I have used all sorts of containers, including recycled cans, bottles, and food-grade buckets with holes drilled in them. You are only limited by your imagination.
A 5-gallon bucket from your local hardware store allows for plenty of depth to support larger plants. Planters and pots can be expensive, so save your empty coffee cans or the like and use them!
Herbs, strawberries, and leafy greens do not need deep containers, as their roots do not delve too deeply. Any container at least 4 to 6 inches deep will be more than sufficient for these plants.
Herbs will grow larger if they are in a larger, deeper planter but do just fine in smaller ones.
Other plants, like tomatoes and green beans, grow larger, so they need to be planted in planters or containers at least 18" in diameter, providing plenty of space for nutrient-rich potting soil to feed your produce.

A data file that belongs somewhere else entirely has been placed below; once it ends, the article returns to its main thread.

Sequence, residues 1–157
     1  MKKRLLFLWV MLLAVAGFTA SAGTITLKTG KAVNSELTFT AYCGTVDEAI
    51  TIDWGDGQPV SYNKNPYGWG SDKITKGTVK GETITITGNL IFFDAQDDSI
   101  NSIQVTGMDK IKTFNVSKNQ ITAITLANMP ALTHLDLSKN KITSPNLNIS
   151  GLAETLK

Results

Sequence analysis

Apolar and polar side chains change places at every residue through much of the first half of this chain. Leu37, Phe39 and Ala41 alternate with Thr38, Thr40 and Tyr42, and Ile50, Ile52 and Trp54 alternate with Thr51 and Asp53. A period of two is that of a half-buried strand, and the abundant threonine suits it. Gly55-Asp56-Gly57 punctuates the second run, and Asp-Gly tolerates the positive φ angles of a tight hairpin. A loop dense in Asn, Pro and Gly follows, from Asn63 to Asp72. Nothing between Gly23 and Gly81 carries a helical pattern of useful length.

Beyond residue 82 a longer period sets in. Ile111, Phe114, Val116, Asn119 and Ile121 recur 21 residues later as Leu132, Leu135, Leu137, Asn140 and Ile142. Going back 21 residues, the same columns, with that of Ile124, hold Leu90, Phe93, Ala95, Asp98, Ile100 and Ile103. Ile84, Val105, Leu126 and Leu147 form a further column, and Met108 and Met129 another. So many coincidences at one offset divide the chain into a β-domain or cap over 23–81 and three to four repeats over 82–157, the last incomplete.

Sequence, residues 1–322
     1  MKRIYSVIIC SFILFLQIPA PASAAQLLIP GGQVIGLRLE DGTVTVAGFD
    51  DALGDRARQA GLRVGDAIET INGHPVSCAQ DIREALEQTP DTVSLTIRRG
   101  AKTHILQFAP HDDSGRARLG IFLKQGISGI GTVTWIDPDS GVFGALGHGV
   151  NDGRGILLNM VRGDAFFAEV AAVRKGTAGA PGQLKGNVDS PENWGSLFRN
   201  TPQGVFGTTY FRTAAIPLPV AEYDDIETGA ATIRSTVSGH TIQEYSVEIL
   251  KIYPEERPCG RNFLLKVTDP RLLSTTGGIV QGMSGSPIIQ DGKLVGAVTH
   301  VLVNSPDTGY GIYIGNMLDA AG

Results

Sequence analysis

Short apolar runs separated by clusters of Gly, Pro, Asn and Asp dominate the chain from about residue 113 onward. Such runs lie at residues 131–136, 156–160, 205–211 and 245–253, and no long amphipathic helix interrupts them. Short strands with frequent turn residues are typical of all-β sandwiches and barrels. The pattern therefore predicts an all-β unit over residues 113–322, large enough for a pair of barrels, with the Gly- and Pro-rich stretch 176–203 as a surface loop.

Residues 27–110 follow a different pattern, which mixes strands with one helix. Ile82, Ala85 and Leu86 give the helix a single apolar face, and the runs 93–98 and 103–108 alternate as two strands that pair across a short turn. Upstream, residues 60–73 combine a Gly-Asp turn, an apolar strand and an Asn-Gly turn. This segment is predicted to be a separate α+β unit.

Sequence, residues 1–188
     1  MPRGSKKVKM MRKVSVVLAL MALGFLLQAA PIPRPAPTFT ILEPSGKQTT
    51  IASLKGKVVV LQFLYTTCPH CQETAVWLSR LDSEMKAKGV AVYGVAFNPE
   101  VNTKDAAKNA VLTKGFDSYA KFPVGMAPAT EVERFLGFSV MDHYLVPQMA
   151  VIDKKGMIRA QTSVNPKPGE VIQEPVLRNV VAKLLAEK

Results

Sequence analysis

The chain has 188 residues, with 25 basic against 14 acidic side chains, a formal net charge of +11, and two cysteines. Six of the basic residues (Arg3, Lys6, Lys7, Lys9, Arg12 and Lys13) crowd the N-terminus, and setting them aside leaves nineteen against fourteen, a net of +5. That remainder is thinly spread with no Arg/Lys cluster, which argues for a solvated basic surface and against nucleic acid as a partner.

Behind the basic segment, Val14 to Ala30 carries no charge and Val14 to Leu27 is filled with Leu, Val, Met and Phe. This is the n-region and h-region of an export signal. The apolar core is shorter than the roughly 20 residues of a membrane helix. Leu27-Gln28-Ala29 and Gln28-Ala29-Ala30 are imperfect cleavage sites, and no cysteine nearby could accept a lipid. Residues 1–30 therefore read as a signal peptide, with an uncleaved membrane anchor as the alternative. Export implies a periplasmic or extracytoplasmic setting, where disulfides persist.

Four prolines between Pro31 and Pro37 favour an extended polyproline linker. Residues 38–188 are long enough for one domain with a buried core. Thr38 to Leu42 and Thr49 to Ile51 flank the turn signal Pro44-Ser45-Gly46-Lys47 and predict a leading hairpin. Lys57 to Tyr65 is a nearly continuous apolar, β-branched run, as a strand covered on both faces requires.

Soil and Fertilizer
Choosing potting soil is one of the most critical components of your garden. This will provide the nutrition that determines how well your plants produce.
Organic Miracle-Gro Potting Soil or something similar is an excellent choice that is all ready to go into your containers.
That said, you can create your own potting soil by mixing one part each of vermiculite and perlite with two parts peat moss.
For more information on choosing soil, read our post, "Which Soil is Best for Terrace/Patio Garden?"
Enjoy Your Harvest!
While you won't completely eliminate your trips to the grocery store, growing some of your own produce can help.
Gardening also reduces stress and provides a sense of accomplishment, not to mention that home-grown veggies are much tastier than store-bought! So get creative and enjoy the 'fruits' of your labor! What plants have you grown at home? Let me know!